Friends, families and money do not mix. I’m sorry you had to go through this, but I would do a letter as Admin suggested, make several copies and send one a month. While you will never see the money again, maybe they will get the hint that you will not allow this to happen for a third time.
    Stepdad suggesting you leave money in his safe in case of a bank catastrophe should have sent warning bells off in your head, especially considering your own mother has hurt you financially before. Theives are thick.
    Get your own cell phone. You can get plans at Wal-Mart for around $30 per month.
    If you can salvage a “civil” relationship with your mom & stepdad, do so. It will be hard considering how they treated you, but if you can’t, cut them loose. A mother and/or stepdad stealing money from their own child… I hope karma kicks them in the behind, hard.

  • AS September 8, 2011, 11:06 am

    I am sorry this happened to you, OP. I totally agree with the admin’s suggestion. I was thinking of telling you about a written and signed-with-witness document regarding the money too. In the future, avoid having any monetary transactions with your mom and step-dad, and if you have to, keep a paper trail.

    I also agree that taking it up in the court is a big pain. I was once charged twice on my debit card by a travel agent for an international trip that I took (it was a smallish travel agent, and the transaction was over the phone). I tried to get the money back, which was over US$ 2000 and I had all documentations, but I could never get it because the travel agent didn’t want to return it. I was new to the country at that time and didn’t know about small claims court; and even if I knew, I’d have had to go 2 states to where the travel agent’s office is to file a case. The legal system, IMO, is extremely difficult to work with for ordinary people.

    I can understand that it is hard on you now as you were trying to save up for a car. But you probably can take the steps that the admin mentioned, and write off the money as the charge for a costly lesson in life. Try to avoid trusting anyone on face value regarding money (unless they have shown honesty before). Once you get a good job, which I hope you do, $800 is not too huge an amount in the long run. If you are going to live another 50 years for example, it would be only $16 a year.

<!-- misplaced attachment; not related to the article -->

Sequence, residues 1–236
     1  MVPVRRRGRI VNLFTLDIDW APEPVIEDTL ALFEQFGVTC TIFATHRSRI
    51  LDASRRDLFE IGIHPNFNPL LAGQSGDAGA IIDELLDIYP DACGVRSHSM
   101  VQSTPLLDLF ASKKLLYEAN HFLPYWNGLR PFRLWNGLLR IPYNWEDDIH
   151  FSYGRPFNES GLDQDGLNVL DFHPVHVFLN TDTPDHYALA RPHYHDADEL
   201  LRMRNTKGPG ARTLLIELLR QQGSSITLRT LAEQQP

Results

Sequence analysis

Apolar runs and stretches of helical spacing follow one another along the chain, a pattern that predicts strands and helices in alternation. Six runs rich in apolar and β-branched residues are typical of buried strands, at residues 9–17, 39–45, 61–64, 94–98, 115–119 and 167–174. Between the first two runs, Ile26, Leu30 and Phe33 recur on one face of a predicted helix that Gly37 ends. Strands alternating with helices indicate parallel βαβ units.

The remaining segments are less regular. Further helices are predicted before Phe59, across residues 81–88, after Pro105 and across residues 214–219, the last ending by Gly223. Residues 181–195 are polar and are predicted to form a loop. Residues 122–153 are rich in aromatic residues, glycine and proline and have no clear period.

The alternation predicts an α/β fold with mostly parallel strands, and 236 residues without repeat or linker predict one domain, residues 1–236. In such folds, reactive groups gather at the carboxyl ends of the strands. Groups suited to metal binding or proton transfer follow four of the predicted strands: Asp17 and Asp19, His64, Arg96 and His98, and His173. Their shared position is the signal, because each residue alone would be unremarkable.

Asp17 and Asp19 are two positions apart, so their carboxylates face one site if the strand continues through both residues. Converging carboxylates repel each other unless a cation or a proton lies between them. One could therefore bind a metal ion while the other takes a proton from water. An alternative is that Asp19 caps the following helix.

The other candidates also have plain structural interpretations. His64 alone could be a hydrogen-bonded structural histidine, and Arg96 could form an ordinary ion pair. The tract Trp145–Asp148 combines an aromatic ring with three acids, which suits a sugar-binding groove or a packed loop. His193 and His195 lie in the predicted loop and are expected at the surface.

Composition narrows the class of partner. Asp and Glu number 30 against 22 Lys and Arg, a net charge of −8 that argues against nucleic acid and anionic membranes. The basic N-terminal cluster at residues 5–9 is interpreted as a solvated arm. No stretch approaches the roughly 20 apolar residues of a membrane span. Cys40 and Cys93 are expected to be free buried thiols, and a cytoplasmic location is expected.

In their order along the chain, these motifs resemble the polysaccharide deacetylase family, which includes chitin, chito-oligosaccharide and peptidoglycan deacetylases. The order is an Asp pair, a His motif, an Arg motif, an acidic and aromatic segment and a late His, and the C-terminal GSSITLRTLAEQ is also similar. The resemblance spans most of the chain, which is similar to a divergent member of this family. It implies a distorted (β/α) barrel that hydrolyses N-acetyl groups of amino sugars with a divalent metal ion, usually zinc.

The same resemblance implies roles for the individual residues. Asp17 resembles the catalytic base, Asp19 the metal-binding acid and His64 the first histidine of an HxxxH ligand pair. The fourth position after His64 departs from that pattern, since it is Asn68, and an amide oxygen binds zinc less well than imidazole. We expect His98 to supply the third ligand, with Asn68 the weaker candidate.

• Amber September 8, 2011, 11:11 am

    Gosh, can I relate to this. I waitressed through high school. My parents let me keep my tips, and took my paycheck to “deposit into my savings for college” for about 2 1/2 years. When I turned 18, I asked if I could have the money to start my own savings account. A blank look and a “what money?” is all I got. At about 80 bucks a month, that’s over $2000 (or a semester of college) that I never saw again. Thank god I was super frugal with my tip money, or else I would have had nothing when I left my parents’ house. Never, never trusted them with my money again.

  • J's Mama September 8, 2011, 11:16 am

    Your mother and stepfather needs a swift kick in the pants. I’m not sure I’d take it to small claims court, however until their theivery is paid off, I’d subtract their birthday gifts, Christmas gifts, and any other gifts you might buy them until their debt to you is paid off.

  • Boca September 8, 2011, 11:27 am

    You gave that man your cash for safeguarding. The cell phone is a separate issue. Yes, find your own cell phone plan. I agree with others here. Your money was stolen. If you fell behind on the cell phone bill you display lamentable money sense but the $800 is still yours. He changed the rules after the game began. His conduct concerning the cash is actionable. Sue him in court. The relationship is wrecked anyway as others here have stated. You may as well have your money.

  • LaurenP September 8, 2011, 11:37 am

    I had a friend in a similar situation. She’d gotten her mother to look after her £25ish Christmas money (this is big bucks when you’re 10) and planned to put some of it towards a Basil Brush toy. On the day she planned to purchase the toy, she asked her mother for the money, only to find that it had paid for part of her mother’s new coat. For this and a few other reasons, she’s not too keen on her parents.

    I’m lucky that I can trust my mother with my money.

  • Nicole September 8, 2011, 11:39 am

    Just a reminder that, if the OP is in the US, there is no need to keep any money outside of a bank in case of bank failures. If your bank fails, all money up to $250,000 is insured by the FDIC. In most cases, the bank is closed on a Friday and a new bank takes over on Monday morning and there is only a very limited time (over the weekend) when your money is unavailable. If no new bank is found to buy the failed bank, you may have to wait 7-10 days to get your money, but that happens in only a tiny % of all bank failures. Please don’t think you need to hide money under the mattress, it is safer in a bank!

  • Stepmomster September 8, 2011, 11:44 am

    Is it just me, or does it sound like mom is rolling over and playing dead for step father? I think you might want to take a deep breath, realize they are dysfunctional and limit your contact to purely social. What I am interested in is if this has soured your boyfriend towards your parents, I know from experience that when a family member burns you as a couple, it will really cause a lot of strain between the couple whenever mom/stepdad wants your attention in the future.

  • Enna September 8, 2011, 11:54 am

    I do mainly agree with admin – going to court could be a difficult process but there is nothing wrong with looking at as an option and no one needs to know especially your mum and stepdad. I’d say Stepfather and Mum have defiantly lost out on chtistmas/birthday pressants for the next ten years at least. If they ever ask you for money tell them that they have already had a loan in the form of the money that stepfather took when he so conviently advised you to keep some money in his safe in the first place. Like admin said you may not see your money again, however I think, and this is a bit selfish and manipulative, if you are civil and nice to them you might see your money again.